It was quite common in the 17th century for citizens in the Mälaren valley to invest in the iron industry. The first bar-iron forge at Trångfors was established in 1628 by Adolf Willemson, a merchant from Västerås. It started off small, with just three workers.
In the latter half of the 18th century, the Strömsholm canal cut straight across the Trångfors estate and the old manor house had to be pulled down. The existing forge was built in 1799. Good use was made of the water from the canal: an enclosed timber trough from the canal provided water power for the forge hammer. When the Lancashire method was introduced in 1875, production rose sharply and peaked in 1900 at an annual output of 3,100 tonnes. But by 1915, the forge had been closed down.
One of the four Lancashire furnaces has been restored, and work is under way on the water-wheel and trough. The mumbling hammer has been given a new base. In time, the intention is to be able to demonstrate the pig-iron refining process and mixing of the melt in the forge.
A congenial room with a cosy open fire is available for hire for private functions and meetings. It has been set up in the former spark-machining workshop next door to the forge.
A room above the forge, which used to be a rest room for the forge workers between shifts, has now been converted into a meeting room. The murals on the walls were painted by Gunnar Hall. Next door to that is the charcoal storehouse, which dates from 1800. The charcoal wagons ran straight in here and tipped their load from the ramps at the top of the furnace.
The Trångfors power station on the other side of the river was built in 1898–9 by a firm of consulting engineers, Qvist & Gjers, of Arboga. A water trough was built at the side of the waterfall and it carried the water over a distance of several hundred metres to the works. The power station operated until 1988 and is now a museum. The original equipment has been preserved. The station has six horizontal turbines each generating an output of 400 hp. The generators were manufactured by ASEA and were awarded the “Grand Prix” at an international industrial exhibition in Paris in 1900.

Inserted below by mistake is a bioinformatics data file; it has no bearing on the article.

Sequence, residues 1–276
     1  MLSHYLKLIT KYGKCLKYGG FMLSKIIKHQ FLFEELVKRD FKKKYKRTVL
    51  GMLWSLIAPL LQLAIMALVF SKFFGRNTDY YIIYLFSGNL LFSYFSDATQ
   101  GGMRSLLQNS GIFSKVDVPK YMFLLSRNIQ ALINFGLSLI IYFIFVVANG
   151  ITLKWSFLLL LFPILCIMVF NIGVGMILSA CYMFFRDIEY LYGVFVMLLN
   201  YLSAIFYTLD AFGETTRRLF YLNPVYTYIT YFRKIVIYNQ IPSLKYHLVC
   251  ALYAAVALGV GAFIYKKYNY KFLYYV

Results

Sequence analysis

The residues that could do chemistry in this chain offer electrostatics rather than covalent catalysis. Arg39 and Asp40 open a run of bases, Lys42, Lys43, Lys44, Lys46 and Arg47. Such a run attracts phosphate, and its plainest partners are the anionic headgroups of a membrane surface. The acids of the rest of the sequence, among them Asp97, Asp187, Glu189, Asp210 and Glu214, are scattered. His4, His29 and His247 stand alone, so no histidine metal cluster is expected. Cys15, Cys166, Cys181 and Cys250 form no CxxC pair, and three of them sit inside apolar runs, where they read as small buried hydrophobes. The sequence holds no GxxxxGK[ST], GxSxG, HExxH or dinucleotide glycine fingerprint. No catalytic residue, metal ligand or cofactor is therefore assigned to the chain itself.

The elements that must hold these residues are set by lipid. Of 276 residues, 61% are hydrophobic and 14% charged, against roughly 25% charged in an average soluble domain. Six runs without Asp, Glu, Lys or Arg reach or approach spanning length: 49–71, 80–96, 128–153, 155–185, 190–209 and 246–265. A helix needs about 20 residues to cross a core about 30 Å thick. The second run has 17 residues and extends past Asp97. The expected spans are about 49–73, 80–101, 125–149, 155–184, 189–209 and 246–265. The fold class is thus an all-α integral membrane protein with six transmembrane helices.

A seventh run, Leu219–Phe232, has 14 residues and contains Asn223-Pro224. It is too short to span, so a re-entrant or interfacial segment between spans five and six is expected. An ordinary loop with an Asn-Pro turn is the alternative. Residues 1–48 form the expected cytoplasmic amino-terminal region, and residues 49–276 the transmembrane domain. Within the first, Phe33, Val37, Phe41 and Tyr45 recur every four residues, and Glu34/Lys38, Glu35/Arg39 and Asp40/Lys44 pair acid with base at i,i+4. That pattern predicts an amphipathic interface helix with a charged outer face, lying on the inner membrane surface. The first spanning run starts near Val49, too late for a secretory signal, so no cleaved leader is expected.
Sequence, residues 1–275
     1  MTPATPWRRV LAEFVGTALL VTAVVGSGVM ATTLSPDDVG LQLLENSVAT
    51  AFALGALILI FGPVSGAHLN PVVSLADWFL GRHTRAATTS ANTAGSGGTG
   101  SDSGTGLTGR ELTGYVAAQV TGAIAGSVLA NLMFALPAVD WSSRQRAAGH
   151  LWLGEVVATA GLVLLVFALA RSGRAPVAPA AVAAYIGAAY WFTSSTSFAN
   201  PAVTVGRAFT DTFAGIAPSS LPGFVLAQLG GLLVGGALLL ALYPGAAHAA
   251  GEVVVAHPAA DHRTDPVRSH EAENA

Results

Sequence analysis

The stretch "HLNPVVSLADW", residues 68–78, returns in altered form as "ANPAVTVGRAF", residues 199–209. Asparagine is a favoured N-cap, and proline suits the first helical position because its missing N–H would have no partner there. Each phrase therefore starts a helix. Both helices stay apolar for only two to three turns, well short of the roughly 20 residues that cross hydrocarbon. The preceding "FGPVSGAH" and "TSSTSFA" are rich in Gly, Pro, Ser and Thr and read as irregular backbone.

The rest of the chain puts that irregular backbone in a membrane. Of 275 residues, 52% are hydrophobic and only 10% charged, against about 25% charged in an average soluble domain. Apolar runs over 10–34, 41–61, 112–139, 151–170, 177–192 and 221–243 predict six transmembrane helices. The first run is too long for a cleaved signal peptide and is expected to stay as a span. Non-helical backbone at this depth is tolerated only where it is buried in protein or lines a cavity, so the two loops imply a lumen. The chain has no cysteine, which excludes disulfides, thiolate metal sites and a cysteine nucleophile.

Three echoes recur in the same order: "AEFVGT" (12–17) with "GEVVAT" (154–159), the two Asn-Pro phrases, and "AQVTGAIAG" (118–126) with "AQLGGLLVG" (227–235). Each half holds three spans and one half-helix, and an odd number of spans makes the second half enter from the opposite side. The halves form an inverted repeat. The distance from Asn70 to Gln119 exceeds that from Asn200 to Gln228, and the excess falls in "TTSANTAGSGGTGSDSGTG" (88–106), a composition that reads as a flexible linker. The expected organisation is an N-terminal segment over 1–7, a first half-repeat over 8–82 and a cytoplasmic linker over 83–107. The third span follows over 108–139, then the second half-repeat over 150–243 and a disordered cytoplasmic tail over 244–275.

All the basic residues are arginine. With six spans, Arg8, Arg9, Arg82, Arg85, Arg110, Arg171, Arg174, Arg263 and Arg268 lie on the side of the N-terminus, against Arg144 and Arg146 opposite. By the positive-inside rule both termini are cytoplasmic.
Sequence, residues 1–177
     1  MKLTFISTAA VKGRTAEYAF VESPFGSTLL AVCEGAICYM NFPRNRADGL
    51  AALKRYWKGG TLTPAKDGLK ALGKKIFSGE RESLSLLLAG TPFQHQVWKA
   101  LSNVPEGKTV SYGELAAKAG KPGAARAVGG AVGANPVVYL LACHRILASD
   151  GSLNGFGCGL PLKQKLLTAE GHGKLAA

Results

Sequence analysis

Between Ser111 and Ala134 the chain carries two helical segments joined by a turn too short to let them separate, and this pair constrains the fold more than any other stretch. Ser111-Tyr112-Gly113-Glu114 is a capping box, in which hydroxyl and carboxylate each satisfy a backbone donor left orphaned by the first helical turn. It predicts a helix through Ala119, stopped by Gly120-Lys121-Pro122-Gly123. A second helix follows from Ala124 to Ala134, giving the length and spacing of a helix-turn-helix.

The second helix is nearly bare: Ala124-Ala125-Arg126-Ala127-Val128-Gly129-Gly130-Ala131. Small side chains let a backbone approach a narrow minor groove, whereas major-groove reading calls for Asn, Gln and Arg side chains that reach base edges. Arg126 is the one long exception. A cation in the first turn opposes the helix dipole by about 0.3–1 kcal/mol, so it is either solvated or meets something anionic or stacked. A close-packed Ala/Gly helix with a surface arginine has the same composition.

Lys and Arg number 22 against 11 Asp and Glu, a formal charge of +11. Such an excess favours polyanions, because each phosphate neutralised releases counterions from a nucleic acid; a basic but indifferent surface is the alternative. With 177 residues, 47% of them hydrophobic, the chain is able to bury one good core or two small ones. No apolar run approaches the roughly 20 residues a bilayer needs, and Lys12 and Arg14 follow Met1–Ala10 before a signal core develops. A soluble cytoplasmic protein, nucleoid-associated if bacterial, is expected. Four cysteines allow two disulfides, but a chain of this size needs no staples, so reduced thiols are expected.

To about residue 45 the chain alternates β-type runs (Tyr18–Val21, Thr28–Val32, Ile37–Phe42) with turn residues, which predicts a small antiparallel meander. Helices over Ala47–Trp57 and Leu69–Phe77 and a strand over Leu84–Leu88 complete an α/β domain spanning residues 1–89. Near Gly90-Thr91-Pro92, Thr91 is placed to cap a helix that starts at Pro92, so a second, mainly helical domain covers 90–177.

Every August, there is a Trångfors open day when the building is open to visitors, who can also watch barges being locked through on the canal.References:
The first historical record of Lednice locality dates from 1222. At that time there stood a Gothic fort with courtyard, which was lent by Czech King Václav I to Austrian nobleman Sigfried Sirotek in 1249.
At the end of the 13th century the Liechtensteins, originally from Styria, became holders of all of Lednice and of nearby Mikulov. They gradually acquired land on both sides of the Moravian-Austrian border. Members of the family most often found fame in military service, during the Renaissance they expanded their estates through economic activity. From the middle of the 15th century members of the family occupied the highest offices in the land. However, the family’s position in Moravia really changed under the brothers Karel, Maximilian, and Gundakar of Liechtenstein. Through marriage Karel and Maximilian acquired the great wealth of the old Moravian dynasty of the Černohorskýs of Boskovice. At that time the brothers, like their father and grandfather, were Lutheran, but they soon converted to Catholicism, thus preparing the ground for their rise in politics. Particularly Karel, who served at the court of Emperor Rudolf II, became hetman of Moravia in 1608, and was later raised to princely status by King Matyas II and awarded the Duchy of Opava.
During the revolt of the Czech nobility he stood on the side of the Habsburgs, and took part in the Battle of White Mountain. After the uprising was defeated in 1620 he systematically acquired property confiscated from some of the rebels, and the Liechtensteins became the wealthiest family in Moravia, rising in status above the Žerotíns. Their enormous land holdings brought them great profits, and eventually allowed them to carry out their grandious building projects here in Lednice.
In the 16th century it was probably Hartmann II of Liechtenstein who had the old medieval water castle torn down and replaced with a Renaissance chateau. At the end of the 17th century the chateau was torn down and a Baroque palace was built, with an extensive formal garden, and a massive riding hall designed by Johann Bernard Fischer von Erlach that still stands in almost unaltered form.
In the mid-18th century the chateau was again renovated, and in 1815 its front tracts that had been part of the Baroque chateau were removed.
The chateau as it looks today dates from 1846-1858, when Prince Alois II decided that Vienna was not suitable for entertaining in the summer, and had Lednice rebuilt into a summer palace in the spirit of English Gothic. The hall on the ground floor would serve to entertain the European aristocracy at sumptuous banquets, and was furnished with carved wood ceilings, wooden panelling, and select furniture, surpassing anything of its kind in Europe.